Most of the largest banks in the United States have a long history and managed to stick around since their early days. In fact, each of the four biggest banks by market capitalization is more than a century old. Wells Fargo (WFC) was founded in 1852, and Citigroup (C) in 1812. JPMorgan Chase (JPM) traces its origins back to 1799. Bank of America (BAC), the pup of the quartet, dates back only to 1904. Knowing all this, it raises an important question. How did Capital One (COF) grow enough to take its place alongside the established titans of the industry?
- Capital One began as a credit card company in 1994 before expanding into loans and retail banking.
- The bank has three divisions including credit cards, consumer banking, and commercial banking.
- Credit cards make up the majority of Capital One's profits.
Capital One: A Brief History
Capital One may not be among the country's top five banks, but it is a household name. The bank relies heavily on marketing to promote its banking and credit card products, so it wouldn't be surprising if you've seen at least one of its commercials on television.
The bank was founded in 1994 in Richmond, Virginia, solely as a credit card company. Four years later, Capital One expanded to include loans and added retail banking to the mix in 2005. Over the course of its history, Capital One acquired a series of other financial companies to boost its presence and secure its place among the top 15 banks in the U.S. market including Hibernia National Bank, North Fork Bank, Netspend, and Chevy Chase Bank.
Capital One has three reporting segments. In descending order of size, those include:
- Credit cards: Capital One is one of the largest credit card companies, issuing cards to consumers in Canada, the United Kingdom, and the United States. The company has Visas and Mastercard options—many of which are rewards cards.
- Consumer banking: This division offers individual and small- to mid-sized business clients everyday banking services such as checking and savings accounts, loans, mortgages, and money market accounts. This unit also includes Capital One 360—its money market offering.
- Commercial banking: This segment serves commercial clients with banking, lending, real estate, and investment services.
Capital One reported total net revenue of $28.5 billion for the 2020 fiscal year. That's a slight decrease from the previous year when the company netted $28.6 billion, largely due to the global pandemic. The expenses that Capital One spent to earn that interest are minimal, as well. Non-interest expenses were less than $15.1 billion in 2020, which gives backing to the fact that credit cards are incredibly profitable. All the promotion, advertising, and marketing that Capital One undertakes is nothing compared to how much money the company earns from those unassuming but powerful little cards. They contribute about 62% of the company's business.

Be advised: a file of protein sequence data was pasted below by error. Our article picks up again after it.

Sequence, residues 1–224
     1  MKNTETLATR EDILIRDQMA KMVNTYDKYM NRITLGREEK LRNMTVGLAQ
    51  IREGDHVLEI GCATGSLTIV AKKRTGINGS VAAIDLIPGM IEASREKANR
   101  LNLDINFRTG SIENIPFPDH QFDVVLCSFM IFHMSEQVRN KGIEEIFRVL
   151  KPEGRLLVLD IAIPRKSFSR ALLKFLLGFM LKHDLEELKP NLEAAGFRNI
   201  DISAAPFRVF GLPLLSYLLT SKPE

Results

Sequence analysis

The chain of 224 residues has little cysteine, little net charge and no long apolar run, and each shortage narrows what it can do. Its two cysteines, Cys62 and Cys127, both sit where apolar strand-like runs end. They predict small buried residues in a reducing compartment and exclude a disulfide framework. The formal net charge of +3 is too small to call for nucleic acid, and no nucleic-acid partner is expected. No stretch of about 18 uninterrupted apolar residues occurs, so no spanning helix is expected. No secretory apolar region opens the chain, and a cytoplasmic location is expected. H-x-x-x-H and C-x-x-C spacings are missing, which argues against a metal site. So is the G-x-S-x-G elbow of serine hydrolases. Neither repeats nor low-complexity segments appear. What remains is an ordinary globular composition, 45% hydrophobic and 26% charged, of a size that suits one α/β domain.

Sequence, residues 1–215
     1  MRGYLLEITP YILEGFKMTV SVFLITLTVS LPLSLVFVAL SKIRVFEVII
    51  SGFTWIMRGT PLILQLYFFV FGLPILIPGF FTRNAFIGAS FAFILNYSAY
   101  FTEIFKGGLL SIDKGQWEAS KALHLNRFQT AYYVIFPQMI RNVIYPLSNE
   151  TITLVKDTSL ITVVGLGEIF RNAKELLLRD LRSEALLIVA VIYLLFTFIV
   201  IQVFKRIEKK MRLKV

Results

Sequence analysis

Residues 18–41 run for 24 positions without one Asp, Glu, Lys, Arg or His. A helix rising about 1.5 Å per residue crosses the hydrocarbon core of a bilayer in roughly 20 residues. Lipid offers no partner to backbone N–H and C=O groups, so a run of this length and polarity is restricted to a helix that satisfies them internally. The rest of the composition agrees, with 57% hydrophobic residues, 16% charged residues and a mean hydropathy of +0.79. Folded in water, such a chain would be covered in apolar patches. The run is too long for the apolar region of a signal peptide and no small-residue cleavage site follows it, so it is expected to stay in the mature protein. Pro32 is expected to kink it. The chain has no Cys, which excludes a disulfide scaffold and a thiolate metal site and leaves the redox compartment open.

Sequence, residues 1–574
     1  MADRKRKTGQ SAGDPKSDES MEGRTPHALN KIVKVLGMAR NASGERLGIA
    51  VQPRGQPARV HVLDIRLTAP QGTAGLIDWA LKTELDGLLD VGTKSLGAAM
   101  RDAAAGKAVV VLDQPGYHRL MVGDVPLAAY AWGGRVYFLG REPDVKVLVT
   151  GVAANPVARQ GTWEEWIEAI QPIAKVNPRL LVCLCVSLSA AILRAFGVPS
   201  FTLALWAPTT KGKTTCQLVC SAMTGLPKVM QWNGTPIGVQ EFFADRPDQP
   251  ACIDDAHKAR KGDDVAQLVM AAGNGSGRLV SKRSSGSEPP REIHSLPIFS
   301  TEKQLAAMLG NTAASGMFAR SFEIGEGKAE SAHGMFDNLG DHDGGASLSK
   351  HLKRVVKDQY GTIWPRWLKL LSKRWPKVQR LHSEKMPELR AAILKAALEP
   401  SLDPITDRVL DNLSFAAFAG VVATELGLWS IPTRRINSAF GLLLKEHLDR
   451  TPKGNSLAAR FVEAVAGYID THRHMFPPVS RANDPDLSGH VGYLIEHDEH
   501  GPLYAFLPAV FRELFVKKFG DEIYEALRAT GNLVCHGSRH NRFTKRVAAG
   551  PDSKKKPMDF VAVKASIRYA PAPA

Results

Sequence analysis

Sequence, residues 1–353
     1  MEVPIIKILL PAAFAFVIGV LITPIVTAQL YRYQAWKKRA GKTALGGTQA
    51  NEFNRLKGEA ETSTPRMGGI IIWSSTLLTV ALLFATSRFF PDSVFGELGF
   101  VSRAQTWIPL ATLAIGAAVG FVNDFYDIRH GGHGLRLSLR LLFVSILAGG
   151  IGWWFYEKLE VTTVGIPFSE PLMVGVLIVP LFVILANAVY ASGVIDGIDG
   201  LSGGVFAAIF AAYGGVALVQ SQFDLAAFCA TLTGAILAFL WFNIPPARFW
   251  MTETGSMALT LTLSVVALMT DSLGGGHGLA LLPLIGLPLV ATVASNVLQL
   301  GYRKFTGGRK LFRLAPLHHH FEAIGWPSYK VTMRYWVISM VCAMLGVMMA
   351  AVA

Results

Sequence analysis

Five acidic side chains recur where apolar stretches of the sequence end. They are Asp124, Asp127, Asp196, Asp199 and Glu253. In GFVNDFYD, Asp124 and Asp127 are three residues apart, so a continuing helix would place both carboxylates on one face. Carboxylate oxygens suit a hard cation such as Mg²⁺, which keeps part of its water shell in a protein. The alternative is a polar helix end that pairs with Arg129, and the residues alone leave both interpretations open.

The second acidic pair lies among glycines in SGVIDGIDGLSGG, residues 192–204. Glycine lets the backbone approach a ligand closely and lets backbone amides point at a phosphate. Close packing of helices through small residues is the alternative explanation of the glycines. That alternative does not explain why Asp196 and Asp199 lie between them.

Child of the ‘90s
As mentioned above, Capital One began its independent life as the credit card operator of a larger bank, just as the American penchant for instant gratification was coming into its own. If you think people now have trouble comprehending the concepts of minimum payment and annual percentage rate (APR), you should have seen the landscape back when credit cards were coming into their own.
Capital One used some pretty innovative ways to grab market share. Although they seemed extraneous then and hardly worth mentioning now, they were critical. Allowing cardholders to design their cards or to include the logo of their football team or college gave them a sense of pride that translated into more frequent spending. That’s something that a MasterCard (MA) or Visa (V) logo just couldn't accomplish.
Capital One will consider whether you're pre-qualified for three of its cards—the Platinum, QuickSilver, and the Secured Mastercard.
Not Just Plastic
Consumer banking remains an adjunct to Capital One’s credit card business, albeit a substantial one. The segment accounted for $7.4 billion in revenue last year—a fairly large amount in absolute terms. Like many big companies and banks, Capital One seems to be approaching its limits. For that, you can blame—or credit, as it were—the growing number of non-bank and other non-traditional financial firms including the PayPal (PYPL) generation of lenders. These companies don't have brick-and-mortar locations and offer their services online or through their mobile apps. This gives them an edge over banks like Capital One. Since they don't have some of the costs of a traditional financial institution, they can offer more lucrative rates and incentives to their clients.
But Plastic Nonetheless
When interest rates drop low—as they have so many times—how does a credit card issuer make money? Rates represent merely a baseline for lenders. Jerome Powell, the hawkish chair of the Federal Reserve, has raised rates three times since taking over in February 2018. If Powell continues to hike rates, an economist might expect Capital One and its competitors to follow suit. Fortunately for Capital One, its customers don’t think that way.
The Bottom Line
Capital One would be a niche company if only people saw credit cards for what they are—an addiction to instant gratification rather than a convenient way to put off today’s purchases until the end of the month. If not niche, then certainly not a multi-billion dollar powerhouse. Fortunately for Capital One’s investors, the company’s penchant for analyzed, personalized offers continue to distinguish it from most competitors.
Capital One may appear to offer a commonplace product, but those cards are anything but. Each credit card is a delicate instrument, precisely tuned to get as much money out of each cardholder as possible. As long as the cardholders remain willing participants in this unilateral affair, Capital One should only continue to grow.